Sandisiwe Mbhele
Lifestyle Journalist
3 minute read
13 May 2021
10:31 am

Do we really need vaccine influencers?

Sandisiwe Mbhele

Will people actually be influenced by celebrities to get the Covid-19 vaccine?

Actress and poet Lebogang Mashile gets her Covid-19 vaccine. Picture: Twitter

Do we need vaccine “influencers” in our lives? The question that is being raised is whether South Africans are reluctant to get vaccinated against Covid-19 or whether there is just a lack of information and vaccines themselves.

South Africa’s vaccine rollout, is going into its second phase next Monday, 17 May with the registered elderly over 60 years getting vaccinated.

There have been many complaints of slow rollout, lack of clarity and decision making by the government, as some citizens are hesitant to get vaccinated.

ALSO READ: At last, good news on vaccine front

The question is being asked of actress, writer and poet Lebogang Mashile, from TV show L’Attitude, who documented her vaccination.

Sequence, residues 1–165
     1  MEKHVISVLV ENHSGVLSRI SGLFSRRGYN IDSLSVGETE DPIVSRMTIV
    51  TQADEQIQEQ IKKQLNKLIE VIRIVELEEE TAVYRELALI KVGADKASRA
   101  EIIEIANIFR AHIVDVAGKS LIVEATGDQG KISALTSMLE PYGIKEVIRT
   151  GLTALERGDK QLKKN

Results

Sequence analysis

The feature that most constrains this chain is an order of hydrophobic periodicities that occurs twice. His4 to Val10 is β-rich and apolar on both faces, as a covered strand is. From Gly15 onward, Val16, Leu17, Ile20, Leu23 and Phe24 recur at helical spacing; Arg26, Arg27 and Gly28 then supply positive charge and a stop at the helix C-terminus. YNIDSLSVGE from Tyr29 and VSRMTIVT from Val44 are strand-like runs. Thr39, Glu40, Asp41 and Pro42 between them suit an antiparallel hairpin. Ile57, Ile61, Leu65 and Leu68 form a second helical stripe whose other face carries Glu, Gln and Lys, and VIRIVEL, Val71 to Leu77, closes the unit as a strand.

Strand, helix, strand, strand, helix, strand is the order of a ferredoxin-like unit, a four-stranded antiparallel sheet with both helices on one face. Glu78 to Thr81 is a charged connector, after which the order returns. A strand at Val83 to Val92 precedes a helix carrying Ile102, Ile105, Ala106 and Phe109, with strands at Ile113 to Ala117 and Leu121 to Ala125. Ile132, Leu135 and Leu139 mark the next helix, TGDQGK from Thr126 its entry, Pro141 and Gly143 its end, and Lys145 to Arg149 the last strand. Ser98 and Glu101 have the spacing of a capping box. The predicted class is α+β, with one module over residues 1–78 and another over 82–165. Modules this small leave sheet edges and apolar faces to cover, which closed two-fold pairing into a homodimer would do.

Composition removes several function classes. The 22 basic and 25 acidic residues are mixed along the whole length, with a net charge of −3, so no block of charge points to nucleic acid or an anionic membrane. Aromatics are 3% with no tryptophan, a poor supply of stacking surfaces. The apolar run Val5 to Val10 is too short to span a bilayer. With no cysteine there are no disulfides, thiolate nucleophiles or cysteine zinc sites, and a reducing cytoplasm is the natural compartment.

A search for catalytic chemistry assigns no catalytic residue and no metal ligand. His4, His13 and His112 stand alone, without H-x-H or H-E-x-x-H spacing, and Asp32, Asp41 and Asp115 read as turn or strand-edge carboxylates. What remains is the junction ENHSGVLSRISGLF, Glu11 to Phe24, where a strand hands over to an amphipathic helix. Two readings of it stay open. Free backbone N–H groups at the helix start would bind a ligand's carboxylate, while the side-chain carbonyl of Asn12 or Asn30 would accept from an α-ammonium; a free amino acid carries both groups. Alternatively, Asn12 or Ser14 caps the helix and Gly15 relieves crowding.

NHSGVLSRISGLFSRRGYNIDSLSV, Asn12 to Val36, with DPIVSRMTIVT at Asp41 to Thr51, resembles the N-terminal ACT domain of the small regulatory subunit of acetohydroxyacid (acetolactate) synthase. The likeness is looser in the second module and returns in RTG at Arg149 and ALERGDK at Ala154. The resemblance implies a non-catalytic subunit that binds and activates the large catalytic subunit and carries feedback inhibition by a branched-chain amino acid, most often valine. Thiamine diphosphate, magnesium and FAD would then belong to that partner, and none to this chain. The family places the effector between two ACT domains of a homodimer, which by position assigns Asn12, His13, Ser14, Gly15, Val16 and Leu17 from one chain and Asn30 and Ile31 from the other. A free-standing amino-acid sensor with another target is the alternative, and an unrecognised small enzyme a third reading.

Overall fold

When asked how she managed to “jump the queue” and why she was “influencing” people to get the vaccine, Mashile said she was not paid for tweets about the vaccine and wanted to educate people.

“I got the vaccine today so that I could speak from 1st hand experience about the process.”

Comedian Lesego Tlhabi, known as satirical comedian Coconut Kelz, tweeted: “We actually don’t need vaccine influencers right now lol. We need the vaccine. People aren’t not getting vaccinated because we aren’t influenced… we’re not getting vaccinated coz the government isn’t doing its job!”

The biggest concern of many is the lack of information and education about the vaccines, which may be the reason for the hesitancy.

In America, celebrities such as actors Blake Lively and husband Ryan Reynolds have been posting selfie jabs with nurses in the hope to demystify fake information about Covid-19 vaccines.

Reynolds hilariously posted: “Finally got 5G.”


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A post shared by Ryan Reynolds (@vancityreynolds)